Article regarding C8’s 


Here Are All The Future Corvette C8 Models & Variants: Exclusive




Units of the all-new, mid-engine Corvette C8 barely started production before the coronavirus pandemic delivered the world a significant blow, changing the lives of millions. General Motors managed to produce just shy of 2,700 units of the new 2020 Corvette Stingray Coupe before the car’s home – the GM Bowling Green plantin Kentucky – was idled. Though production remains suspended as we write this, the Corvette’s future shines bright, with the product team planning no less than six models during the vehicle’s lifecycle. GM Authority has spent the last few months speaking to insider sources and compiling information to put together a comprehensive guide of all the future Corvette C8 models and variants that are expected to be on the way. So buckle in and let’s see what’s in store.

C8 Model Powerplant Horsepower Torque Drive Type
Corvette Stingray 6.2L Atmospheric V8 OHV 16V LT2 490-495 465-470 RWD
Corvette Grand Sport 6.2L Atmospheric V8 OHV 16V LT2 ~510 ~490 RWD
Corvette E-Ray 6.2L Atmospheric V8 OHV 16V LT2 Hybrid Electric ~600 ~575 AWD
Corvette Z06 5.5L Atmospheric V8 DOHC 32V FPC LT6 ~600 ~550 RWD
Corvette ZR1 5.5L Twin-Turbo V8 DOHC 32V LT7 ~850 ~750 RWD
Corvette Zora 5.5L Twin-Turbo V8 DOHC 32V LT7 Hybrid Electric ~1000 ~1000 AWD

C8 Stingray

First is the Corvette Stingray. As announced by GM last year, power comes from a naturally-aspirated, 16-valve 6.2L V8 LT2 engine delivering up to 495 horsepower and 470 pound-feet of torque. Shifting duties are performed by the Tremec-sourced, dual-clutch 8-speed automatic transmission and power is sent to the rear wheels.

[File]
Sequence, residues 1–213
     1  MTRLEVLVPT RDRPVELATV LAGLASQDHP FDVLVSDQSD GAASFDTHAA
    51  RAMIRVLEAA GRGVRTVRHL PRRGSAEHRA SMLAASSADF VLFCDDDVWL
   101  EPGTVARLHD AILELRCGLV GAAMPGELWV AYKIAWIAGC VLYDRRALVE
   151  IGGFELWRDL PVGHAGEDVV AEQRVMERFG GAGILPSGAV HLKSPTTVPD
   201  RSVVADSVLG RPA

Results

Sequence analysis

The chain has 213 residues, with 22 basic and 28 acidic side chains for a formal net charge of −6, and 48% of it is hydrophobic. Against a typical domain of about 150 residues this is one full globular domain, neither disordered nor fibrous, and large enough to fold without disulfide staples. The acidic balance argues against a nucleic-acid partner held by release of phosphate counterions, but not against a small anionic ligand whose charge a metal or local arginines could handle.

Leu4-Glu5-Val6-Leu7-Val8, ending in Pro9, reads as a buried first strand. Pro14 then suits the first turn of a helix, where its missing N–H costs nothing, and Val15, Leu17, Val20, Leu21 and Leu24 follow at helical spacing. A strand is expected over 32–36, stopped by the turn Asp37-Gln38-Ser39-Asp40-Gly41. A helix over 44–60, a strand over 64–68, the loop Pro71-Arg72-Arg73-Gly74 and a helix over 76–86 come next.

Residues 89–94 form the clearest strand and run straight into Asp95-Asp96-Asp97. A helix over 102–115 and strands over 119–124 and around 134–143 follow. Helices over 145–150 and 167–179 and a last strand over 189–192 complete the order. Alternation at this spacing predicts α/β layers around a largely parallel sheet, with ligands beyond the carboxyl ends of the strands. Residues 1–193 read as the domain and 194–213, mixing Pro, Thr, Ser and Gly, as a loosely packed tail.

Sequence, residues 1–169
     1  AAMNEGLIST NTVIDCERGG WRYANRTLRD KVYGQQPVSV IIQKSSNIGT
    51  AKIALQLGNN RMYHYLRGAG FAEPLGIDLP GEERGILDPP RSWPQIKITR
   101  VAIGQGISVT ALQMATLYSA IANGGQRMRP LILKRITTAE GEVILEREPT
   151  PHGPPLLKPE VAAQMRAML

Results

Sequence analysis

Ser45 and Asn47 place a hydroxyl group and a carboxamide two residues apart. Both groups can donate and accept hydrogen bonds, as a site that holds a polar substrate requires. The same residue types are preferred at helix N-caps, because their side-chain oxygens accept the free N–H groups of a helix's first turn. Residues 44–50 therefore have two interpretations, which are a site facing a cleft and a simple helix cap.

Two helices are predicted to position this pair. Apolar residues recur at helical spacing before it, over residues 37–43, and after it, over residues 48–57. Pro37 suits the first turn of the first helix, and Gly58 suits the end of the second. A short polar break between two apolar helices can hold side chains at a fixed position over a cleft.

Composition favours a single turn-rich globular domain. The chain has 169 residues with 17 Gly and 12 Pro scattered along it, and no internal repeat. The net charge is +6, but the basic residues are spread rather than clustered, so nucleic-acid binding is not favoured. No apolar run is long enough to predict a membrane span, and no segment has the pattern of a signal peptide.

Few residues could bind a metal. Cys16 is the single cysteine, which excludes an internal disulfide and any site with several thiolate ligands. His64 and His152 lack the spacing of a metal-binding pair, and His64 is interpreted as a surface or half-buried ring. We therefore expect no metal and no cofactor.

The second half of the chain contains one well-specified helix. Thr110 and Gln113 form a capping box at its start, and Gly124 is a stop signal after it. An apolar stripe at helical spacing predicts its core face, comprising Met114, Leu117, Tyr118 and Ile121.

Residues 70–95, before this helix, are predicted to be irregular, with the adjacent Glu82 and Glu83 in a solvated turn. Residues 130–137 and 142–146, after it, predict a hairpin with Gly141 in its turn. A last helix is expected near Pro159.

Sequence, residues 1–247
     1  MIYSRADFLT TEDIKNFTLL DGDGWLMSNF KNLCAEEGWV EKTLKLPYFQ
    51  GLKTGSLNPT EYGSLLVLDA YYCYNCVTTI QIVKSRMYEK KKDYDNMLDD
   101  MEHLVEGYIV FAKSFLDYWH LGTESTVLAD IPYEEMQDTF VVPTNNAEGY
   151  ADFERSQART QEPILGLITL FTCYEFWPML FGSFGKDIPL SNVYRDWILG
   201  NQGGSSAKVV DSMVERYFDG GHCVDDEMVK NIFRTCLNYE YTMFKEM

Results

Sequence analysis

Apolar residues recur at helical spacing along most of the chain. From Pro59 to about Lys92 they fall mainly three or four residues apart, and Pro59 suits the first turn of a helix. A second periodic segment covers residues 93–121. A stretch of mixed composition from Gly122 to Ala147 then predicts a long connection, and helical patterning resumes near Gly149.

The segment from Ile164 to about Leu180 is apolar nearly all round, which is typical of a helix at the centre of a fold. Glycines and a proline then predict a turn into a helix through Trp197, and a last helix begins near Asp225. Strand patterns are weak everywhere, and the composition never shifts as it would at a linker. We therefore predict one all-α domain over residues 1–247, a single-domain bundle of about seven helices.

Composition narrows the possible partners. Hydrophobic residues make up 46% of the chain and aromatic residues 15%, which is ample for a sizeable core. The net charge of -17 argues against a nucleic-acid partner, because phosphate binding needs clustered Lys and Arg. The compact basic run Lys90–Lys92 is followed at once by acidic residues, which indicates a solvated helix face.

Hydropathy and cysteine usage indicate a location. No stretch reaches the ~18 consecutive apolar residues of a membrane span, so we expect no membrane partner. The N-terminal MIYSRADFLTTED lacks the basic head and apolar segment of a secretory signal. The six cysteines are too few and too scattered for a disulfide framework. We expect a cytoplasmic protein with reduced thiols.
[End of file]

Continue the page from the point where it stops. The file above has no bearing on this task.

C8 Z06

Next up the future Corvette C8 model cadence is the Z06. Returning to its roots as an all-motor track beast, the C8 Z06 will be powered by a naturally-aspirated, 32-valve 5.5L V8 DOHC LT6 making around 600 horsepower and 550 pound-feet of torque. Previewed in the C8.R, the ruckus atmosphere breather will also feature a flat-plane crank while having a rev-happy personality. Shifting duties will be carried out by the same 8-speed dual-clutch transmission as in the Stingray, and power will be sent to the rear wheels.

Unlike the Stingray, however, the body of the Corvette C8 Z06 will be wider to accommodate larger wheels and tires, bigger brakes, and a more competent suspension system. A unique rear wing will be available as part of an optional aero package, as GM Authority was first to exclusively report.

C8 E-Ray

Shortly after the C8 Z06 will come the C8 E-Ray – a hybridized variant of the C8 Stingray that will deliver a relatively unique powertrain combination, joining the Small Block V8 LT2 with a hybrid-electric motor.

The LT2 – the same one used in the Stingray – will be mated to an electric drive unit located between the front wheels getting juice from battery packs located in the middle of the car. Peak output of the hybrid system should be around 85 kW (115 horsepower) and around 100-115 pound-feet of torque, and total system output should be roughly 600 horses and 575 pound-feet. Thanks to this unique configuration, the E-Ray will also be the first C8 Corvette (and the first Corvette ever) to feature all-wheel-drive.